Lesson Learned. Lessons Shared – My story as a survivor began when I was burned February 1983 in an apt fire in Edmonton. I awoke to find my son Adam who was a week away from being 5 at the time sitting in our living room surrounded by fire.
He had discovered some matches a friend had left behind (I am not a smoker so matches were not a usual item in my home) and like most children of this age he started to play with the matches and wound up dropping them on some papers.
By the time I found him, the living room was ablaze and he was trapped behind it just sitting and staring at his hands…when he didn’t respond to my calls I did what any parent would do, I ran through the flames to get him. I tucked him under my arm and went to go out the door to the hallway of the building but it was locked and the handle was too hot to touch.
I then remembered all the things that I had read in the pamphlets Adam had brought home from his two visits in the previous week to the fire hall (one with school and one with day care). I got down low and crawled to my room which was the furthest from the fire, closed the door behind us and rolled us both in the blanket on the bed. I then went to the window and yelled for help.
My neighbours were gathered below my window and assured me that the fire department was on it way. I was having a great deal of trouble holding on to Adam and asked a neighbour to catch him as I dropped him from our 3rd floor window. After he was safely caught a neighbour took him into a suite on the other side of the building and put him in a tub of cool water. This quick thinking made a big difference in Adam’s burns as they never went full thickness and he wound up only needing 2 surgeries. He received burns to 40% of his body and spent 2 months in hospital.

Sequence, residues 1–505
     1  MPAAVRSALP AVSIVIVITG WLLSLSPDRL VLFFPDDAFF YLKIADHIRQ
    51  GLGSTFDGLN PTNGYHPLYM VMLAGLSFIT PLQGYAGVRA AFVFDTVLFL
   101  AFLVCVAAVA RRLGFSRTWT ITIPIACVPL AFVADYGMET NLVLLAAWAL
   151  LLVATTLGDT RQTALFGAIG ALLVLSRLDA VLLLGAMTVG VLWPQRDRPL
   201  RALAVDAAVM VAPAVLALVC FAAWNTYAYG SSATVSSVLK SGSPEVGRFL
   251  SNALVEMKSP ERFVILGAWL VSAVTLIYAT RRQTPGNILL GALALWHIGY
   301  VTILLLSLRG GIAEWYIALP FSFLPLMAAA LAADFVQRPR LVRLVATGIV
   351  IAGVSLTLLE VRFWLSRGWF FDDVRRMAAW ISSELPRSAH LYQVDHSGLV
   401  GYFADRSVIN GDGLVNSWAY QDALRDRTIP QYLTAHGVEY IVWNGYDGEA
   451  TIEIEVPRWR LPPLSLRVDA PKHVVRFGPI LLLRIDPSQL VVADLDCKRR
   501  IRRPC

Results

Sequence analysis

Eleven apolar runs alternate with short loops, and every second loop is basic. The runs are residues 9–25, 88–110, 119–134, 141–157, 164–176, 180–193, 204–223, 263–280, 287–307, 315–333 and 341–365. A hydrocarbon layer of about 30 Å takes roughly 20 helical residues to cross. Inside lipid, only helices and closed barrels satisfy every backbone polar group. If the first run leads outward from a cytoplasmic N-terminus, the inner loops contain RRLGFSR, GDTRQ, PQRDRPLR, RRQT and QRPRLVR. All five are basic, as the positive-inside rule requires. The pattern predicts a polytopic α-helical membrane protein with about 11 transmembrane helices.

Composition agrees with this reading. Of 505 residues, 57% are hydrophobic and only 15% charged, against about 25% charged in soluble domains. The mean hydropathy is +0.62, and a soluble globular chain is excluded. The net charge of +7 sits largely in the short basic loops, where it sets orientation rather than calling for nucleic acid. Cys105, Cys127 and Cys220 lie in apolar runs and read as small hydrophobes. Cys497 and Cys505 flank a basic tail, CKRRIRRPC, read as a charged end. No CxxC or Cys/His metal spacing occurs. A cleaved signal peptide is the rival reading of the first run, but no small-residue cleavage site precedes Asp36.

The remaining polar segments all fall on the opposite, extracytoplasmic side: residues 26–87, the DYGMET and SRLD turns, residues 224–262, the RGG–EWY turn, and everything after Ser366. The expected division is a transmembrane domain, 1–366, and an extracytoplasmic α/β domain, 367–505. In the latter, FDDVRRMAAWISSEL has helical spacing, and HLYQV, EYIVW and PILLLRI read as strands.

The firemen rescued me down a ladder and one of the pictures I included is a copy of the mural that the Edmonton fire dept had done for Edmonton’s 100 Anniversary – the rescue in the top right corner is mine.
I wound up with burns to 85% of my body and 50% were full thickness. I was told several years later that I only had a 17% chance of survival! As no one told me I quickly determined living was the only and best option. I spent 8 months in hospitals, another 1 1/2 years doing physio and had my last surgery 13 yrs after the accident. My burns are on my face, neck, back, arms, hands and feet.
While I was recovering I met a fireman named Tim Vandenbrink…he taught prevention and he convinced me to come out and tell my story to some students…I found I liked doing it. There were some important lessons that could be learned from my fire…one don’t leave matches or lighters where children can find them…also my smoke detector was not working (there was no battery in it)…and as important a lesson…that people can look different but still have a great life.
In 2001 I started talking to students full time primarily in the Edmonton area at the beginning. My key subjects were prevention and awareness. With prevention I also included the impacts of scalding, electrical, chemical burns and frostbite.
With awareness I told them my story and how my life has been since my burn and always tell the students that I like the way I look.
I had always wanted to move back to the Okanagan Valley so I eventually transferred with Starbucks to a store in Penticton and am very happy to be back where I feel I belong.
With my grandsons and son living in North Vancouver it gives me a chance to be with them and participate in The Future Is Mine activities. This year we will all be attending the Pumpkin Patch!
Recently, Ann Coombs came to Penticton to meet with burn survivors in the area and I was really pleased to be appointed the SHARE Representative for the Penticton area and will continue to speak and share my experiences at schools, conferences and more.